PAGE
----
Emirates Foundation executive blazes a trail all of her own

The Life: It would be churlish to argue that Khuloud Al Nuwais, the chief sustainability officer of the Emirates Foundation, has had anything but an illustrious career.

Abu Dhabi, United Arab Emirates, January 28, 2013:    Chief Sustainability Officer of Emirates Foundation Khuloud Al Nuwais speaks during the Emirati Youth Forum at the Rocco Forte Hotel in Abu Dhabi on January 28, 2013. Christopher Pike / The National
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It would be churlish to argue that Khuloud Al Nuwais, the chief sustainability officer of the Emirates Foundation, has had anything but an illustrious career. Or rather, an illustrious career so far. She is still a youthful thirtysomething.

But she would be the first to admit there have been obstacles along the way.

"My career path has thrown up many challenges," she told young students at the Emirati Youth Forum on Monday. "But I believe if you want something hard enough, you will get it."

The students were making their first foray into the job market. The forum offered an opportunity to explore the pros and cons of public versus private sector employment. Ms Al Nuwais is well placed to speak about both.

Her first challenges when starting out as a 17-year-old were family-related. She had to convince her parents to let her study abroad and then, on her return, to let her learn how to drive. Even these small personal advances have given her confidence that the Emirati professional environment can change and is changing.

"We have a strong [new] generation," she reflects. "I don't think that it is as difficult with the new generation as it was with my generation. If I could do it, then I think they can. I was able to convince my family. I stood by what I wanted."

Ms Al Nuwais's first job was at Abu Dhabi National Oil Company (Adnoc).

"Analysis of the oil market is a very dry subject job for a young female," she said. "But I took it on."

She quickly became an expert analyst of the crude oil market, attending international conferences including Opec meetings. She often stood out as a 22 and then 23-year-old among senior oil executives sometimes four decades her senior.

"Working culture is so important," she said. "We come from a conservative culture but we are evolving very fast. I remember 10 years ago we [women] didn't drive, go to malls, go out to dine. We are privileged to be in an evolving country and have support from our leadership to see women participate across the board."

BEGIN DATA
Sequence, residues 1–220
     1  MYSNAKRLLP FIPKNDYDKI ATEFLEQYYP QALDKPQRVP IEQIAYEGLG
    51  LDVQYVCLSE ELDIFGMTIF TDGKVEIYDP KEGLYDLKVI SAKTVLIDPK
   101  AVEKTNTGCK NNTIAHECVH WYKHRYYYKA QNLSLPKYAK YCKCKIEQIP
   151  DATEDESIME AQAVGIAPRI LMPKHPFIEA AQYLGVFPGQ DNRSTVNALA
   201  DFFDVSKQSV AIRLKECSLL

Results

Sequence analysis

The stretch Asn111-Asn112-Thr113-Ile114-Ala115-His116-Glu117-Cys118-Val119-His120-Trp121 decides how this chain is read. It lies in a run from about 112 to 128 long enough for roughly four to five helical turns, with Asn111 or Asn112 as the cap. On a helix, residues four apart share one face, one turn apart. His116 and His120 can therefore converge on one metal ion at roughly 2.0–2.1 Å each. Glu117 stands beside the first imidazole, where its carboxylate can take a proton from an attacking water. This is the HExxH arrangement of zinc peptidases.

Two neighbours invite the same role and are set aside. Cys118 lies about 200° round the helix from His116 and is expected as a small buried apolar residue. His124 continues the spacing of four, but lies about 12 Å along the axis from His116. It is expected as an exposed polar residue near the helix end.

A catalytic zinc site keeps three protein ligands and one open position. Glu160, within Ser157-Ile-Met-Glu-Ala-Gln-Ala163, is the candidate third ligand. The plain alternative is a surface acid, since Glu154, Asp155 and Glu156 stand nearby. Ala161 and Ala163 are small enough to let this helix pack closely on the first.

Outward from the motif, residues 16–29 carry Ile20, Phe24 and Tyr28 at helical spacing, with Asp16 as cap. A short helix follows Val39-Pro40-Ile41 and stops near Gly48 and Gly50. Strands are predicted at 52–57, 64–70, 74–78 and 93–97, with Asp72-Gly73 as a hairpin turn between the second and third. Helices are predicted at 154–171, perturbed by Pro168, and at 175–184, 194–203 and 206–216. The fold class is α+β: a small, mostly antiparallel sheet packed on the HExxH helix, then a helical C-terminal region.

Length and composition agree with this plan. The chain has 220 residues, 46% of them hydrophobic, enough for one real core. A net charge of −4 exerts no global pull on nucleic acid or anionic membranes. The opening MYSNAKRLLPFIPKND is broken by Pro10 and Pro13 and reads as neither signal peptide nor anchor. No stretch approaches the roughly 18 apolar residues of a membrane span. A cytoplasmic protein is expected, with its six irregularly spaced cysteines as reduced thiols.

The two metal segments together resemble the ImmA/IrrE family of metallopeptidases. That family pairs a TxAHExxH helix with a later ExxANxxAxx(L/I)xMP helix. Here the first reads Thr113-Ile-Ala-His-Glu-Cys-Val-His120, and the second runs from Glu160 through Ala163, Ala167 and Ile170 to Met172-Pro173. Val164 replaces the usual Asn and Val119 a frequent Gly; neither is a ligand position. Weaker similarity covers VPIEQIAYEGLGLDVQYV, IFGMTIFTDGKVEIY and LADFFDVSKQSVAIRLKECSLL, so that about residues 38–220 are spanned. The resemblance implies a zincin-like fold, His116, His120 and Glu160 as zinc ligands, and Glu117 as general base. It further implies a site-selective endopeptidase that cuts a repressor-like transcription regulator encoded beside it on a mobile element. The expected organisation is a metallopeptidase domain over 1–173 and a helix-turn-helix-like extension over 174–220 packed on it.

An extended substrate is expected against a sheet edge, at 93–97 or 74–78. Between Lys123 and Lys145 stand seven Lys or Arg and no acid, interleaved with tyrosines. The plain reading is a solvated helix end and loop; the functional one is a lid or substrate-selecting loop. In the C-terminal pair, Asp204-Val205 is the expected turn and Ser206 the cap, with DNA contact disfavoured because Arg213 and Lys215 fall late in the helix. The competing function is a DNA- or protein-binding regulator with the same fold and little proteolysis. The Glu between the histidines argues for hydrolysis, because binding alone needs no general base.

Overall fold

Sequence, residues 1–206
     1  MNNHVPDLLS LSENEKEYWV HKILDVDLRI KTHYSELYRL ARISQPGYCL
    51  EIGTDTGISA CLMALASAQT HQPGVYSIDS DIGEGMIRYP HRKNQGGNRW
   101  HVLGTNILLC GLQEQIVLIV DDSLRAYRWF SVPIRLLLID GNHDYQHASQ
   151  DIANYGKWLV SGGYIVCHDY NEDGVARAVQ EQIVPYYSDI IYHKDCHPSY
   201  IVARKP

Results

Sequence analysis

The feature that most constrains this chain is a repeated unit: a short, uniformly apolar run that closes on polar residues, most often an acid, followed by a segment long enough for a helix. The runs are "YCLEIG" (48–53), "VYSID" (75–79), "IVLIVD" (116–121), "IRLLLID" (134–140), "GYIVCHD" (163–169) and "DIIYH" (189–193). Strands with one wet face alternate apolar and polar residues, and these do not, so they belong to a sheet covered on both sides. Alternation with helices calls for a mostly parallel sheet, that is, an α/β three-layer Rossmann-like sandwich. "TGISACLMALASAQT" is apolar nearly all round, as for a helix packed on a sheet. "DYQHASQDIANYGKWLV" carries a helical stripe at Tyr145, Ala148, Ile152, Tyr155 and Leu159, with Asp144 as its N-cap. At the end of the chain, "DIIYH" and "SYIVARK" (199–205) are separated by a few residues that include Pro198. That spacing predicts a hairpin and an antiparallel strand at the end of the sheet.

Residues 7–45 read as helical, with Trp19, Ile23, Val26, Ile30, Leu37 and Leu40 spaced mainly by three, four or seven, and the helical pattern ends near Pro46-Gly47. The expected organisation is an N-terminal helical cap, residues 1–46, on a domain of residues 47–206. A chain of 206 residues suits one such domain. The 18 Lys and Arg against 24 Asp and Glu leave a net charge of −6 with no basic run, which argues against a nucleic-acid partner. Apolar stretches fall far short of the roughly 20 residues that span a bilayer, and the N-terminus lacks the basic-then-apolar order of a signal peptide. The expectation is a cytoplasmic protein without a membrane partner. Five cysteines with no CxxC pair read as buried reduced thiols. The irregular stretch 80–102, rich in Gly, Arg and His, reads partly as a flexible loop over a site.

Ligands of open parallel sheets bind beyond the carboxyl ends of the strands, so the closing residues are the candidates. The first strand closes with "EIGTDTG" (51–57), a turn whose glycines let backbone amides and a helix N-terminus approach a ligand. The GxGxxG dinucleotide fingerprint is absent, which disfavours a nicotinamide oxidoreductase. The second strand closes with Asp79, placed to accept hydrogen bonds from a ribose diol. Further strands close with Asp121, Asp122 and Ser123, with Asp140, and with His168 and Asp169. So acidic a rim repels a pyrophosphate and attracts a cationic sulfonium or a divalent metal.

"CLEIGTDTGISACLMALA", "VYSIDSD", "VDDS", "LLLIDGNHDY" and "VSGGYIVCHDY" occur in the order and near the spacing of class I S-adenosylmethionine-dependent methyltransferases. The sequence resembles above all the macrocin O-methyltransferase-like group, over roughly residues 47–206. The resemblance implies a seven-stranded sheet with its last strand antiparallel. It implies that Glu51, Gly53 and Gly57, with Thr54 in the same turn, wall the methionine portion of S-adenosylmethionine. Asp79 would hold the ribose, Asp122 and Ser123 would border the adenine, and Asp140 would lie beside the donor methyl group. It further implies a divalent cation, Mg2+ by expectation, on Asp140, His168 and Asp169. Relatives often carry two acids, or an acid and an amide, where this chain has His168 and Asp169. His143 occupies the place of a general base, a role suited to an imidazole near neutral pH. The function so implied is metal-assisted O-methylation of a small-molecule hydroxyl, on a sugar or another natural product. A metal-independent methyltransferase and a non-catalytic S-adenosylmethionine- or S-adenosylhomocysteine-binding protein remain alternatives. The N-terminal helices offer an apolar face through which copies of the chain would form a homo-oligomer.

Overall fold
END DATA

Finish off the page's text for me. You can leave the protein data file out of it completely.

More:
At the age of 24, Ms Al Nuwais represented Adnoc at a conference in Thailand. The feedback that she got from the other delegates - that it was great to see the UAE had such talent - was heartening. So she thought about her next move and was advised to consider the gas industry. After six or seven years at Adnoc, she moved to Dolphin Energy.

At the interview for the job, the four most senior people at Dolphin knew who she was and had printouts of her Thailand presentation. She got the job, in strategic development, which provided her with a first taste of the private sector.

She refused to coast along on her reputation.

"I feel that wherever you are, you have to work very hard and prove yourself," she said. "Then other opportunities will come your way."

Which, in time, they did. Although perhaps not in the way she expected. She got a phone call offering her a job to help set up the Emirates Foundation, an organisation that helps young people achieve their potential. Only there was no actual job title. And the benefits package was vague to non-existent. And she was given 48 hours to decide whether to accept.

"I was told, 'We want you to start work on developing the foundation and when the structure is formed there will be an opportunity for you'," she recalled: "I thought, 'Well, it's a new industry I know nothing about. I will be doing something rewarding … community work." So she went for it.

Ms Al Nuwais and a couple of colleagues set up the Emirates Foundation from scratch. As of last year, she became the chief sustainability officer covering research and marketing, communications and monitoring and evaluation of projects.

She told her young audience that working in the private sector may offer many more opportunities to grow and develop skills. After gaining those, returning to government work is an option.

"Young people abroad, they don't think of the Government in the way we do," she said. "They think of working for big corporations like BP and Morgan Stanley because that is where they think they can gain the experience to allow them to grow and open doors for them."